At the J Street Annual Conference, Sanders was a crowd favorite, and can take credit for creating space for a more robust discussion of the U.S.-Israel relationship.


Jonathan Guyer

The American Prospect
At the J Street Annual Conference, Sanders was a crowd favorite, and can take credit for creating space for a more robust discussion of the U.S.-Israel relationship.

Bernie Sanders speaks at J Street’s annual conference in Washington, D.C., October 28, 2019., Michael Brochstein/Sipa USA via AP Images


Former Obama Deputy National Security Adviser Ben Rhodes looked stiff, and onetime national-security spokesperson Tommy Vietor was tapping his feet. Minutes earlier, whistles and screams had filled the Washington Convention Center, with “Power to the People” blaring, as Senator Bernie Sanders entered the plenary of the annual conference of J Street, the self-proclaimed pro-Israel, pro-peace organization.

The Obama officials-turned-podcasters had already interviewed Michael Bennet, Pete Buttigieg, Julián Castro, and Amy Klobuchar before the thousands of students, activists, and community leaders in attendance. But Sanders was a crowd favorite, and he can take credit for creating space for a more robust discussion of the U.S.-Israel relationship, offering a progressive blueprint going forward. Maybe it was just from where I was sitting, but Rhodes didn’t sound as bubbly as when he had interviewed Mayor Pete.

J Street, since its founding over a decade ago as a counterweight to the lobbying giant American Israel Public Affairs Committee (AIPAC), is no longer a David. It commands the attention of Democratic presidential candidates and the ire of Republicans (no GOP speakers were in attendance, and the organizers and T-shirts embraced Trump’s dual-loyalty line about voting Democratic as a badge of honor). And though J Street has yet to integrate into its platform some of the bolder ideas of its left flank, like conditioning the $3.8 billion of annual military aid that U.S. taxpayers send to Israel, that conversation has become a centerpiece of the proceedings, an unavoidable concern as the Netanyahu government has accelerated human rights abuses of Palestinians in the occupied territories and those who hold Israeli citizenship. And we can thank Bernie Sanders for mainstreaming such a proposition.

Vietor went straight into that question, asking Sanders to be specific about “When and why you would condition aid to Israel?” Would settlement construction clear the bar or would it have to be annexation?

A savvy politician, Sanders first worked the crowd. “Just a couple of things …” said Sanders, standing up from the armchair. “Number one: I am very proud to be Jewish, and I look forward to being the first Jewish president of this country.” He then emphasized that the Jewish people uniquely understand “the dangers of white supremacy and racism” and that “what is going on in Gaza right now, for example, is absolutely inhumane, it is unacceptable, it is unsustainable.” It was a call to action for the progressives in the crowd.

“So I would use the leverage,” said Sanders. “$3.8 billion is a lot of money. We cannot give it carte blanche to the Israeli government … We have the right to demand respect for human rights and democracy”—though the candidate did not go into specifics.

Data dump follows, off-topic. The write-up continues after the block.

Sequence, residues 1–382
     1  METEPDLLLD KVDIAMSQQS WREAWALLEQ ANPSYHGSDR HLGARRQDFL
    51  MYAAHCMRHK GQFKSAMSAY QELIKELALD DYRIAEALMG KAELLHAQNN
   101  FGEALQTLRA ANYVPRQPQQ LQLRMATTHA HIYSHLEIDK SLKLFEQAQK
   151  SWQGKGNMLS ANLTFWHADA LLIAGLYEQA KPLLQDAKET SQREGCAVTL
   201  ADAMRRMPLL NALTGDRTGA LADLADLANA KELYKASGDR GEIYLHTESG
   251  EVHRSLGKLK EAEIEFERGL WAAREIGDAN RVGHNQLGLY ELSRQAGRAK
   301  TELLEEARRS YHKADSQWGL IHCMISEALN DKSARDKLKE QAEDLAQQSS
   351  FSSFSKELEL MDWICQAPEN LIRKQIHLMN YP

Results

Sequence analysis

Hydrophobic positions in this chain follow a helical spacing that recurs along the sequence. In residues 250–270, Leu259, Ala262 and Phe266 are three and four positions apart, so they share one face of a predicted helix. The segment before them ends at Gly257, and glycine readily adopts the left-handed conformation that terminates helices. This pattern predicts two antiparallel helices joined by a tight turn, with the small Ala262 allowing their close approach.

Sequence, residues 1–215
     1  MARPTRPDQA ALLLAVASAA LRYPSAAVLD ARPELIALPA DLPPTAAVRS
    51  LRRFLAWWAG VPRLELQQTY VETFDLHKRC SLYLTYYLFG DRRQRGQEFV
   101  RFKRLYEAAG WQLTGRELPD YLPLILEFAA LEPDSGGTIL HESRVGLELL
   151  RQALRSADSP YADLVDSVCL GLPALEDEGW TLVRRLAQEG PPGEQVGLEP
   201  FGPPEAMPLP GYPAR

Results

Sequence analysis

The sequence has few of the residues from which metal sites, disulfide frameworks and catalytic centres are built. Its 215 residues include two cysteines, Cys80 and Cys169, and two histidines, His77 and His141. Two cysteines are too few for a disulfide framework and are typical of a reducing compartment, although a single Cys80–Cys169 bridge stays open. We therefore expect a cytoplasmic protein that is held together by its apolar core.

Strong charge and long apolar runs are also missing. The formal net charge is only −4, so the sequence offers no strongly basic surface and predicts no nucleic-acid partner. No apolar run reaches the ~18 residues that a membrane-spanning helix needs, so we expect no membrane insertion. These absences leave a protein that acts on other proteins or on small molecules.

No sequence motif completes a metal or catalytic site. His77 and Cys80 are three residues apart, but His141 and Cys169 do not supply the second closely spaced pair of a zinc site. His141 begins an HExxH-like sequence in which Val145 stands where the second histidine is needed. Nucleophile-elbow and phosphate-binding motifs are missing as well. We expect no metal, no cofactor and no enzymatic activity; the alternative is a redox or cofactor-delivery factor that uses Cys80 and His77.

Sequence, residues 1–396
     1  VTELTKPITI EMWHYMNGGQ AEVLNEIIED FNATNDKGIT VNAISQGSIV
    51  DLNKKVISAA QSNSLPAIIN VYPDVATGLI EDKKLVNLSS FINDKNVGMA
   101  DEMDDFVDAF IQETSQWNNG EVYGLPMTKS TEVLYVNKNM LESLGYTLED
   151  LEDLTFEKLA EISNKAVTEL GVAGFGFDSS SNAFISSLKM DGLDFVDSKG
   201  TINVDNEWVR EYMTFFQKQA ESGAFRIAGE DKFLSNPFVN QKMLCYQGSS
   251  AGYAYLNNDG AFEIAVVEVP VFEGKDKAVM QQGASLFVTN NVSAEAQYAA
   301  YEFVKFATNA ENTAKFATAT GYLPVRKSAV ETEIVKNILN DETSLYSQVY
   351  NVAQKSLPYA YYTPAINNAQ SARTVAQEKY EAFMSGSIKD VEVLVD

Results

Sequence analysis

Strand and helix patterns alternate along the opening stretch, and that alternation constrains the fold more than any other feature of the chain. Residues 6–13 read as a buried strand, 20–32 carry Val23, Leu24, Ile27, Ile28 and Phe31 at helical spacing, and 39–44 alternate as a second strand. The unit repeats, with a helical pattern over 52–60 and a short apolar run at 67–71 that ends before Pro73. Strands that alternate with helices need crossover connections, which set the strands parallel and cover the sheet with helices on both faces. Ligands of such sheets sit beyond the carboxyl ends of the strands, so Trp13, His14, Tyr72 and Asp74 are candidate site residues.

Buttigieg, in the previous plenary session, had talked about what would constitute the conditions necessary to hold back aid to Israel, yet he had sounded Pollyanna-ish. When the mayor of South Bend said, “If we continue to see steps that are potentially destructive,” I had hoped a narrator would chime in saying, “We have.”

Indeed, the Israel often heralded as the only democracy in the Middle East by politicos of both parties now exists only in the imagination or in memory. Earlier on a panel about how the Israeli government stifles dissent, human rights advocate Hagai El-Ad cautioned against nostalgia for the “good old days” before Netanyahu and Trump, which establishes a false narrative.

“The de facto annexation happened a long time ago,” said El-Ad, the executive director of the watchdog group B’Tselem, noting that even under President Obama the “killing of Palestinians with impunity and the oppression of Palestinians” continued. “We have already been living in a one-state reality for some time,” he said. “Five million Palestinians have no political rights … that’s what we’re up against. These are the facts.”

“We shouldn’t be surprised that a 50-year occupation would bleed into Israeli society,” said Avner Gvaryahu of Breaking the Silence, which collects the testimonies of the Israel Defense Forces. He urged his co-panelists to stop calling it just an occupation: “It’s a military dictatorship controlling millions of people by force.”

So can the next Democratic presidential nominee, in the face of Trump and Netanyahu, take back the narrative and policy toward Israel?

Listening to the contenders, I wasn’t so sure. Because getting “Israel back in the direction of a two-state solution,” as Castro suggested, is insufficient. Because visiting Israel to articulate policies, as Bennet proposed, isn’t going far enough. And because Israel is not, as Buttigieg argued, “a friend … acting in a way that you think might hurt your relationship, might hurt them, it might even hurt you.” The problems are deeper; they are systemic, weaponized, and perpetuated by American taxpayers.

These challenges, as Sanders knows well, require a people-powered movement, not simply talking points from the blob. Maybe that’s why Rhodes looked so uncomfortable.



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